Interim payments in civil proceedings

What are interim payments?

Litigation is notorious for the length of time it can take, and because of this, financial difficulties for the claimant can arise whilst the case remains ongoing. For instance, the claimant may be waiting for a large debt to be repaid once judgment has been obtained; or a personal injury claimant needs urgent rehabilitation but cannot afford it because they are unable to work.

However, there are important statutory provisions allowing for interim payments to be made by the court before a final judgment is made. The purpose of interim payments is to relieve a claimant of undue hardship whilst their case is ongoing. An applicant for an interim payment must satisfy certain criteria before the court will make an interim payment order.

How do I apply for interim payments?

An application can be made either to the County Court or the High Court, depending largely on the value of the claim, and the complexity of the issues involved. Written evidence in support of the application must be given, including information about the amount applied for, what it is intended to be used for, what amount is likely to be awarded at the conclusion of the case, and which of specific grounds (below) the party believes it satisfies – and why.

Applications are usually made ‘on notice’ to the other side, and must be served at least 14 clear days before the hearing of the application.

In what circumstances will the application be allowed?

The Civil Procedure Rules set out five conditions, one of which must be satisfied on the balance of probabilities before the court can grant an interim payment:

  • Where the defendant has admitted liability to pay damages or some other sum of money;
  • Where the claimant has already obtained judgment against the defendant, so the defendant is liable for damages or for a sum of money which still has to be assessed;
  • Where the court is satisfied that if the claim was to be determined at trial, the claimant would obtain judgment for a substantial amount of money (other than costs) against the defendant;
  • Where the claimant is seeking order for possession of land and the court is satisfied that if the case went to trial, the defendant would be held liable to pay the claimant a sum of money for the defendant’s occupation and use of land while the claim for possession was pending;
  • Where there are two or more defendants:
    • The court is satisfied that if the case went to trial, the claimant would obtain judgment for a substantial amount of money against at least one of the defendants (but the court cannot determine which) and;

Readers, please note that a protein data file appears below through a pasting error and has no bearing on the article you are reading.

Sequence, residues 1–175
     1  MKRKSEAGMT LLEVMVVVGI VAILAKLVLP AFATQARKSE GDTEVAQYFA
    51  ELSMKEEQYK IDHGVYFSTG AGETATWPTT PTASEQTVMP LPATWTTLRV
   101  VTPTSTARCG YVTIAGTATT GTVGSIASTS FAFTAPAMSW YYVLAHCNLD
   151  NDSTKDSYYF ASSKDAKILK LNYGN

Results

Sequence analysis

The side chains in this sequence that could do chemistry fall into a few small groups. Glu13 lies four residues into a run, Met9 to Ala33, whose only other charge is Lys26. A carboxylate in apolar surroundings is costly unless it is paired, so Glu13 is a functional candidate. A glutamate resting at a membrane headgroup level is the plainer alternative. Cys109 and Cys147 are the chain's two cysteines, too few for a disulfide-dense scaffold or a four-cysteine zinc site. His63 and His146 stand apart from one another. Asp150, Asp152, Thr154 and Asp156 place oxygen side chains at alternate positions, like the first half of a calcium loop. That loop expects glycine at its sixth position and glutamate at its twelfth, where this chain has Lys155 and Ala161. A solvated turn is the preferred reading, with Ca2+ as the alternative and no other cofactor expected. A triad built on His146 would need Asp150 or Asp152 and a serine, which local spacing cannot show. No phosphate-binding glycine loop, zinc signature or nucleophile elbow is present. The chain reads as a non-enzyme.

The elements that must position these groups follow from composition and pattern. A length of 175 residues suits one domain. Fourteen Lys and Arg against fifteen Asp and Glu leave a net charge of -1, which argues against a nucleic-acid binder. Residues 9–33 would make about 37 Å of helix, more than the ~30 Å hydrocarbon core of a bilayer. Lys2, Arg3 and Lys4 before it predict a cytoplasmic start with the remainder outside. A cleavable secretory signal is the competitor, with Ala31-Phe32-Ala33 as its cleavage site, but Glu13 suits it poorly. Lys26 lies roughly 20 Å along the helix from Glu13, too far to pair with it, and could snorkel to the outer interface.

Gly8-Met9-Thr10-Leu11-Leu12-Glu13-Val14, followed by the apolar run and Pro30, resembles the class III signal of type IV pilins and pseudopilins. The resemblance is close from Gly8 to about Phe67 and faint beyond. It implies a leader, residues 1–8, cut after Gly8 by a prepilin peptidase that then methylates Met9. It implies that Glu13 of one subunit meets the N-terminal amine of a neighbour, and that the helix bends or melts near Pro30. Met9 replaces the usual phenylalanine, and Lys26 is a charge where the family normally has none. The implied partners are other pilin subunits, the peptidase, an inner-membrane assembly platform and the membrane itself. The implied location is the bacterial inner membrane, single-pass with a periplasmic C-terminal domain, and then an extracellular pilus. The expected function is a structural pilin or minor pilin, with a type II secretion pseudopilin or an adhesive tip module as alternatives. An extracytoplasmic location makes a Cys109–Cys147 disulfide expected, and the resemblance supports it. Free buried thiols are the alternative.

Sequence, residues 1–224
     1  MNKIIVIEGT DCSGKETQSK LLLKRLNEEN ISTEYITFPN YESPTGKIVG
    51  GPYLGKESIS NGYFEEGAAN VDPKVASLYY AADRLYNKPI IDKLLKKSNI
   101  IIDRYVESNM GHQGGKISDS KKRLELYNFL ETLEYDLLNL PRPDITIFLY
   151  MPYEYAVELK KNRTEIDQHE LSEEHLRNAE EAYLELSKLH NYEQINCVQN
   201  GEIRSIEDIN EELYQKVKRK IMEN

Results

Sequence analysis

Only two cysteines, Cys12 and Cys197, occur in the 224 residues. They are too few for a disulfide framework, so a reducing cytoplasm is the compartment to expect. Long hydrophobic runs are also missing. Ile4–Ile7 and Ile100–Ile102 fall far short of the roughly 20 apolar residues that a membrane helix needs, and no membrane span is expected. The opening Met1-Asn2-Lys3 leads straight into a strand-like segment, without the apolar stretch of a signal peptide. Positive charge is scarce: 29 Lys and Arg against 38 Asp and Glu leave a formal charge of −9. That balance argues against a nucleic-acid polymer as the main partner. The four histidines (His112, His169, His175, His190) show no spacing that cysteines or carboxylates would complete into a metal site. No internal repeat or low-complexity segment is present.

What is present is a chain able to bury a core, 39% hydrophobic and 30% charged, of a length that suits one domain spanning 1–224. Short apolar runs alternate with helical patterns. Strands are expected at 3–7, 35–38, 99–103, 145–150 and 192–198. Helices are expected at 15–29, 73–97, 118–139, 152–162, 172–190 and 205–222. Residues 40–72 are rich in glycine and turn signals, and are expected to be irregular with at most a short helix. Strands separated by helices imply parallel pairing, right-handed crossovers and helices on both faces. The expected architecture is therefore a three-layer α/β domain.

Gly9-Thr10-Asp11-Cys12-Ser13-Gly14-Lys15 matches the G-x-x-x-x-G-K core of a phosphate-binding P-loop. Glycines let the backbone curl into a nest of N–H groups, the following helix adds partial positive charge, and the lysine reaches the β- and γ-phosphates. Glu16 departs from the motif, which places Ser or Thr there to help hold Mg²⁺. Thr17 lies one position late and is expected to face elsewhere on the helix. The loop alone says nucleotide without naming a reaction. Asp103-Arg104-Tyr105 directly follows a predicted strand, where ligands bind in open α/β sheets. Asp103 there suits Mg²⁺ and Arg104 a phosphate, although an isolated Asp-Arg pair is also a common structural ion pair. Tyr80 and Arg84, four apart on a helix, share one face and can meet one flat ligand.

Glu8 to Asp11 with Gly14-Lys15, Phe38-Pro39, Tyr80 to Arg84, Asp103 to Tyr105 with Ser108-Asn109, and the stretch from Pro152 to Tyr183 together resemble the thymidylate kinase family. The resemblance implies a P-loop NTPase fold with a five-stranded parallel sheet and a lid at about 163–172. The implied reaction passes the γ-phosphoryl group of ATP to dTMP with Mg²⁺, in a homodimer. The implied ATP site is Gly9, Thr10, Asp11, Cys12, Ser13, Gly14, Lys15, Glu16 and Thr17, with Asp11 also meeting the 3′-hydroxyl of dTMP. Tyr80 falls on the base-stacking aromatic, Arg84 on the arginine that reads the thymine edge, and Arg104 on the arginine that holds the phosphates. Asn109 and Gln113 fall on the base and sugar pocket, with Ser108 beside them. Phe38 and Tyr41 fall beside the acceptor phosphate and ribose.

• Each defendant is either insured in respect of the claim; their liability will be met by an insurer under section 151 Road Traffic Act 1968; or is a public body.

How will the court assess the amount of an interim payment?

The court has to consider what is likely to be awarded at trial, and order an appropriate amount for an interim payment. The rules restrict the court’s discretion to a reasonable proportion of the figure for damages at trial.

Previous cases show that a ‘reasonable’ proportion can, in some cases, be a high proportion, provided that the assessment of the likely final award is made in a conservative manner. This emphasises the need for the courts to keep in mind the danger of overpayment, and the possible resulting hardship to a defendant.

When assessing the amount of the order, the court will take into account any existing counter-claim or contributory negligence on the claimant’s part.

The judge does not have to take into account the applicant’s need for the interim payment, or its proposed use of it, but would typically do so. What may be relevant is whether the applicant wants to use the money in a way intended to prejudice any subsequent issue in the trial. Also, the defendant’s resources (or lack thereof) could be an important consideration when assessing the amount of interim payment.

Interim payments could, in theory, be ordered in respect of any claim or counter-claim in the proceedings. In addition, interest but not costs may be included in the order.

What is the effect of the order at trial?

As a general rule, for the purposes of the main trial the existence of any interim payment (as well as Part 36 offers to settle) must not be disclosed to the trial judge until the issues of liability and quantum have been decided. Exceptionally, interim payments can be disclosed if the defendant agrees.

Once the court has made its final order, it will be made aware of the interim payment and adjust the award accordingly. This could, in some cases, require a repayment by the claimant.

Article written by...
Lucy Trevelyan LLB
Lucy Trevelyan LLB

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Lucy graduated in law from the University of Greenwich, and is also an NCTJ trained journalist. A legal writer and editor with over 20 years' experience writing about the law.